it was perfectly chimerical, and they might as well talk of making the voyage from New York to the moon

claiming that the diminishing returns between capacity to carry coal and water resistance would see them stranded two thirds of the way across. In 1838 the Great Western steamed into New York harbour. Once again, Lardner had made a basic mathematical error – while the water resistance scaled with the square of the ship’s length, the carrying capacity scaled with the cube. Brunel had triumphed once more.

Lardner, Dionysius Lardner, 18th century scientist, steam trains, railways, fraud, populist, natural philosophy and astronomy, london city university, cabinet cyclopaedia - HeadStuff.org
Dionysius Lardner, from a portrait by Edith Fortunée Tita De Lisle

In the end, though, it was not these public humiliations that prompted Lardner’s fall from grace with the British public, but rather events of a far more salacious nature. In 1840 he eloped to Paris with Mary Spicer Heaviside, wife of a captain in the Dragoon Guards. This was not the first time he had been involved with a married woman. In fact he himself had been married when he lived in Dublin, but he had wound up becoming divorced due to his affair with Anne Maria Darley Boursiquot, the wife of a Dublin wine merchant. It is considered very likely that he even had a child with her, as though her husband’s name was on the birth certificate, she named the boy Dionysius Lardner Boursiquot, and Lardner supported him financially until his disgrace in 1840. [6] Captain Richard Heaviside was made of far sterner stuff than any Dublin merchant however, and he and Mary’s father followed the couple to Paris, where he “beat Lardner severely”, but could not persuade Mary to return. Instead he took Lardner to court, on the charge of “criminal conversation”, as the crime of adultery was then called. [7] The trial was highly publicised and documented the couple’s affair in lurid detail. Lardner was very much the villain to Victorian eyes, but this was in part due to their habit in ascribing any agency in a relationship to the man involved rather than the woman. Heaviside was a violent man, and doubtless Mary had more than her share of reasons for wanting to leave him. Lardner, on the other hand, was devoted to her, and the two would remain together until his death. The Victorian court declined to take this enlightened view, however, and Captain Heaviside received £8,000 in damages. With the scandal, Lardner was effectively exiled from London.

 

Cork-based artist, Victorian illustrator and artist, Daniel Maclise, Dionysius Lardner, drawing of Lardner, iconic illustration Lardner, by Maclise - HeadStuff.org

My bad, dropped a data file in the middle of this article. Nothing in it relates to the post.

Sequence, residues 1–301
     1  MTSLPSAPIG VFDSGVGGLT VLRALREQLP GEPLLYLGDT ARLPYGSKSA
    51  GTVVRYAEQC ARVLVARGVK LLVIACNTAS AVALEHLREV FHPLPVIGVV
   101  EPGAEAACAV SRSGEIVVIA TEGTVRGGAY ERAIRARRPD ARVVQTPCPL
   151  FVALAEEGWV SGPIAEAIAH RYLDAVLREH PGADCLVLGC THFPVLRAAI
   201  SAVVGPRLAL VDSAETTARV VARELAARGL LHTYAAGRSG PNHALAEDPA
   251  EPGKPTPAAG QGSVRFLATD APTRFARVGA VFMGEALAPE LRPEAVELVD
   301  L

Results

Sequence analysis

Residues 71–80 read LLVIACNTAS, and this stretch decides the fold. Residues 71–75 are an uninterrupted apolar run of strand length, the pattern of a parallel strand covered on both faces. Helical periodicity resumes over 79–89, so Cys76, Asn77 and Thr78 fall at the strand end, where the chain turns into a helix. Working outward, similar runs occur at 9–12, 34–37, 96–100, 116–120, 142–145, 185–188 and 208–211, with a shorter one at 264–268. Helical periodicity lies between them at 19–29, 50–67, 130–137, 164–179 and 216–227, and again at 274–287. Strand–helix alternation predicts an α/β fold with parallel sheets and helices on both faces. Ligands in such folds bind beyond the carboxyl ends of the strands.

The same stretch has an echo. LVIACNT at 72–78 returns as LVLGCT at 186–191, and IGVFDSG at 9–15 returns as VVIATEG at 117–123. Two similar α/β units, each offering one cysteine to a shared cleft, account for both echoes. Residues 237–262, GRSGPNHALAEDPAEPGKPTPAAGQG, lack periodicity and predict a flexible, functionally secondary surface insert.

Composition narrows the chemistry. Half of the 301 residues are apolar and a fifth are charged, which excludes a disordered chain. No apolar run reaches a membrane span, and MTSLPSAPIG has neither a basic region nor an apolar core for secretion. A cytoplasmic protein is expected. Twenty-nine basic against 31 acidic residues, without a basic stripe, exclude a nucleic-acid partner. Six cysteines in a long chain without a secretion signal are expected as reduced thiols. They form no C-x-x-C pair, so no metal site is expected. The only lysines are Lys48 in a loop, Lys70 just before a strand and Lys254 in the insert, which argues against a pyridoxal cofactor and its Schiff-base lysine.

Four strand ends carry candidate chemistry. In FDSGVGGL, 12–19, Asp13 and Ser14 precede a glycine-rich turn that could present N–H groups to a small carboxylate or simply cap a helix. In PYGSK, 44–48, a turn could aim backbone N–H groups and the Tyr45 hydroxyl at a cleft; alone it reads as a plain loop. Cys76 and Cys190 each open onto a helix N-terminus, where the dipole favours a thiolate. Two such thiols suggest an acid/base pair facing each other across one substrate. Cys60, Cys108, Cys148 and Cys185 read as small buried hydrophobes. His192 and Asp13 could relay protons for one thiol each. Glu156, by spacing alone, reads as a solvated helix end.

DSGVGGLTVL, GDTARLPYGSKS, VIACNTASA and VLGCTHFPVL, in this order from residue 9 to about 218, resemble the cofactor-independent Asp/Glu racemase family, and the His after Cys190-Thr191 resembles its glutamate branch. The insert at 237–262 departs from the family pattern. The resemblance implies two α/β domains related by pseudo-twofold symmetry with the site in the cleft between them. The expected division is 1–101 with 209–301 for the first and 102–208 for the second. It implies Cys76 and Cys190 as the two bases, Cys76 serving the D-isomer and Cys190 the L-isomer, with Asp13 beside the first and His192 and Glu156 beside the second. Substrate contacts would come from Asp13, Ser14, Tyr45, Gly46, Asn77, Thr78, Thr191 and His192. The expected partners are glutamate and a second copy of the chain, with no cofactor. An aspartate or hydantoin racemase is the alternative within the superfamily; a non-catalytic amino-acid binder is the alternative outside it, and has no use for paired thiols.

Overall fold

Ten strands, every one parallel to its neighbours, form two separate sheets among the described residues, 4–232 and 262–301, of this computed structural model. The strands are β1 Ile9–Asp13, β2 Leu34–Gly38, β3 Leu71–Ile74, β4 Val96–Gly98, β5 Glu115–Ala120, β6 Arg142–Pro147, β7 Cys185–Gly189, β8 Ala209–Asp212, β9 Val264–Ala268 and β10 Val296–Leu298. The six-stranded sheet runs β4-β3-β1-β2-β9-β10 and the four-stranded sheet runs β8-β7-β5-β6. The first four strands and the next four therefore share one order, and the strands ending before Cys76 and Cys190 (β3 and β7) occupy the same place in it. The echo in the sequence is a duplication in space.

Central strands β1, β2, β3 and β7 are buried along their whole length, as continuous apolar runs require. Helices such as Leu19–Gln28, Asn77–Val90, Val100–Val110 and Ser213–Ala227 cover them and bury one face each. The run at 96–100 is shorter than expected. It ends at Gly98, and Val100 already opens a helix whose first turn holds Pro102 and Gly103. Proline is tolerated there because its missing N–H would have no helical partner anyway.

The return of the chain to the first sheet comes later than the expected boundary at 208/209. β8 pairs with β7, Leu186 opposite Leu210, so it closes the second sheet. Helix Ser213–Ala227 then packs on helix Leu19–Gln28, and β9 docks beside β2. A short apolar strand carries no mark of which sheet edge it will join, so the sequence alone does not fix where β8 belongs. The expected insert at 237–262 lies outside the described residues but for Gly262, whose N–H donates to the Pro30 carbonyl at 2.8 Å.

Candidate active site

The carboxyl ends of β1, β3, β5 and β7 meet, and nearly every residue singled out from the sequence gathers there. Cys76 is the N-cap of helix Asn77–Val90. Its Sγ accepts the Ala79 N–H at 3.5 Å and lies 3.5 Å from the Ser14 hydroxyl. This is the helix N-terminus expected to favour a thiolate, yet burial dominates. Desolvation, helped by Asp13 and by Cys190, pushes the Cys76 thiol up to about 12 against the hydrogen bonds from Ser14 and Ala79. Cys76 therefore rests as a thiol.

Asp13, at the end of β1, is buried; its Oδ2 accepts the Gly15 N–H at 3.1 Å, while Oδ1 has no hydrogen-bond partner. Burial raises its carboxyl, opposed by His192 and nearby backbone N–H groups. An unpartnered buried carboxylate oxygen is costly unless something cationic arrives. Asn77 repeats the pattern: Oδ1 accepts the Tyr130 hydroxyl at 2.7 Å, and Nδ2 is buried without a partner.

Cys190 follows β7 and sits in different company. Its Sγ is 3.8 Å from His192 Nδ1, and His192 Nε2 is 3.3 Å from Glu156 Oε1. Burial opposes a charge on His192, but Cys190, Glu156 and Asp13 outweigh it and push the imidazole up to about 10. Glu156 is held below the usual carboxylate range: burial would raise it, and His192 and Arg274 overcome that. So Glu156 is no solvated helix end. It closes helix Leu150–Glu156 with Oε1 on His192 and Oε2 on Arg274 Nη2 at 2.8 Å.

An iconic illustration of Lardner by Cork-born artist Daniel Maclise

That was not the end of Lardner’s scientific career though. Prior to marrying Mary in 1846, he went on a lecture tour in America to raise the funds to support himself. The tour was a major success and was a big windfall for Lardner, both immediately and in long-term income due to his lectures being published and sold in the American market. Of course, this financial success was aided by a side job he took while passing through Philadelphia, where he was paid by the locomotive manufacturing firm Norris Brothers to appear as an expert in their defense. One of the boilers on the trains they had manufactured had exploded, with fatal consequences. Despite testimony from the plaintiff’s experts that the explosion had been due to a combination of faulty pumps letting it run dry and shoddy materials (cast iron rather than wrought), and despite the weather on the day having been totally clear, Lardner was able to convince the judge that the explosion had been caused by the strike of a bolt of lightning, and had the case thrown out as due to “act of God”. Following his US tour, Lardner returned to Paris. In 1850 he published Railway Economy, an analysis of the impact of rail transport that argued for state regulation rather than private industry, and which would be cited later by Karl Marx in Das Kapital. In 1859, the man who Charles Dickens once referred to as “the prince of humbugs” died. In truth, he was a man of boundless enthusiasm but few scruples. He had done much to bring science to the common man, but in the end history would remember him only for his failures.